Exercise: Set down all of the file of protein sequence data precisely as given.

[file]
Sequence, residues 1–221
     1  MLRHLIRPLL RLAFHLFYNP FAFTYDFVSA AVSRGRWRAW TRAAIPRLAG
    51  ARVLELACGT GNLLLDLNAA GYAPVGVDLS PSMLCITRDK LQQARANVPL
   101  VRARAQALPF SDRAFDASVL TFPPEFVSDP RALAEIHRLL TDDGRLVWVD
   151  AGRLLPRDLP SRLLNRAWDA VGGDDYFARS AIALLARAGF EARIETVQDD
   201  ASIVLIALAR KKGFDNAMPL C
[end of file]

Sequence, residues 1–221
     1  MLRHLIRPLL RLAFHLFYNP FAFTYDFVSA AVSRGRWRAW TRAAIPRLAG
    51  ARVLELACGT GNLLLDLNAA GYAPVGVDLS PSMLCITRDK LQQARANVPL
   101  VRARAQALPF SDRAFDASVL TFPPEFVSDP RALAEIHRLL TDDGRLVWVD
   151  AGRLLPRDLP SRLLNRAWDA VGGDDYFARS AIALLARAGF EARIETVQDD
   201  ASIVLIALAR KKGFDNAMPL C